OTHER VOICES: Student-loan debt is growing crisis

September 5, 2018 GMT

Students have it beaten into their heads that obtaining massive debt is the best way to achieve future success.

College attainment in the United States, therefore, is this perverse, vicious circle. More and more people take out more and more loans in pursuit of more and more degrees. And the economy is already noting the impact of a collective $1.5 trillion in student-loan debt among 44 million borrowers, as reported by Forbes.

The seriousness of the looming crisis, unfortunately, is going largely unnoticed, despite the eye-popping dollar figure and number of Americans – nearly 14 percent – this affects. Yet, it’s being downplayed as a story du jour about how the millennial generation is slowly killing another service industry.

And, more frustratingly, addressing the root causes – steadily increasing tuition rates, particularly at for-profit colleges, and companies’ profiteering off these loans – appear to be largely ignored.

The U.S. Department of Education, for instance, has taken its sweet time on appeals for those with outstanding debt who believe they were defrauded by for-profit colleges or filed a variety of other borrower defense claims. It’s almost as if the lenders are being protected at the expense of thousands of consumers who, in many cases, were sold a bill of goods instead of an education.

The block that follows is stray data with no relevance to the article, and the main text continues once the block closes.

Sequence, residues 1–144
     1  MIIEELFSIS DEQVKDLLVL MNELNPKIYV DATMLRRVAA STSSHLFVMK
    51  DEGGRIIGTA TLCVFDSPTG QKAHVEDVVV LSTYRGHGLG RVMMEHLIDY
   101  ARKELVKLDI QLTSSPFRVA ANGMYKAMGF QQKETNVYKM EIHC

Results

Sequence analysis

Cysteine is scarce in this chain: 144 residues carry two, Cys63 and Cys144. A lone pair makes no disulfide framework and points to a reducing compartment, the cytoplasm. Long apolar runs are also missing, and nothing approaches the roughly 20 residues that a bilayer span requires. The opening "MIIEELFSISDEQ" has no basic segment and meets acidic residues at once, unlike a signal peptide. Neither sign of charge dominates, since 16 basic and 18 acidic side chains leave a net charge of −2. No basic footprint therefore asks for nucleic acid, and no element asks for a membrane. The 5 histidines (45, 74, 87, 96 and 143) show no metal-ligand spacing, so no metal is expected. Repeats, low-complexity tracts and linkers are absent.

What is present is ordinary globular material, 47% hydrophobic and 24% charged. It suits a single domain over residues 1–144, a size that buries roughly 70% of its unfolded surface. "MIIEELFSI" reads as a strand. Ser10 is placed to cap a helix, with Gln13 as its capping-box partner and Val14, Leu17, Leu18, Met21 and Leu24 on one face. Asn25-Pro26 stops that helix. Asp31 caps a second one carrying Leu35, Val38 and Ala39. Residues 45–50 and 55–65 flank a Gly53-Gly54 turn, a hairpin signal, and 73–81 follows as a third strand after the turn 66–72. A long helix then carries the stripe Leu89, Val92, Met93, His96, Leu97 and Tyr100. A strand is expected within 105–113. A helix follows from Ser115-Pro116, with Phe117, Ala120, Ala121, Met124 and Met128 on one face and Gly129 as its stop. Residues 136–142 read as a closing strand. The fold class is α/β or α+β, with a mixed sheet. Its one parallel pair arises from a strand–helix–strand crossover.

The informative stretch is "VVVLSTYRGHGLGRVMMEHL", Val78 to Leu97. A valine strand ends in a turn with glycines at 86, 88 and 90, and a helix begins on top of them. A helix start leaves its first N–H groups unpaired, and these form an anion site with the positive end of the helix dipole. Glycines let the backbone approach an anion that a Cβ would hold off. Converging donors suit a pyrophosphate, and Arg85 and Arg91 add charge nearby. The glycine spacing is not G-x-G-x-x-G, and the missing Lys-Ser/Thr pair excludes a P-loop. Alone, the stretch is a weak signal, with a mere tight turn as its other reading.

Conversely, some companies and organizations are attempting to stem the tide in small ways.

Take the BenefitEd program offered by Lincoln companies Nelnet and Ameritas, under which companies can redirect some of their employer contribution to employees’ 401(k) retirement accounts toward student-loan payments.

The national debt crunch is obviously not of these local companies’ making. But, coincidentally, their new product highlights one of the great incongruities of this ever-growing problem – the cost of obtaining a degree designed to steer people toward future financial assurance can rob them of that very future success.

This isn’t a call to waive or zero out all outstanding student loans or for widespread tuition-free college, as some candidates for elected office are again doing. A system as sprawling as this can’t be turned on its head overnight. That’s wildly impractical. But continued federal inaction carries steep costs.

More Americans are attending college and earning degrees. Accordingly, more Americans – an estimated 70 percent of college graduates leave school with some debt – than ever before are carrying an average of more than $28,000 in student-loan debt.

Put it all together, and America has a new No. 2 category for consumer debt, one that’s recently overtaken credit cards and auto loans. And that’s why our national problem with student-loan debt needs more than just attention; solutions are imperative.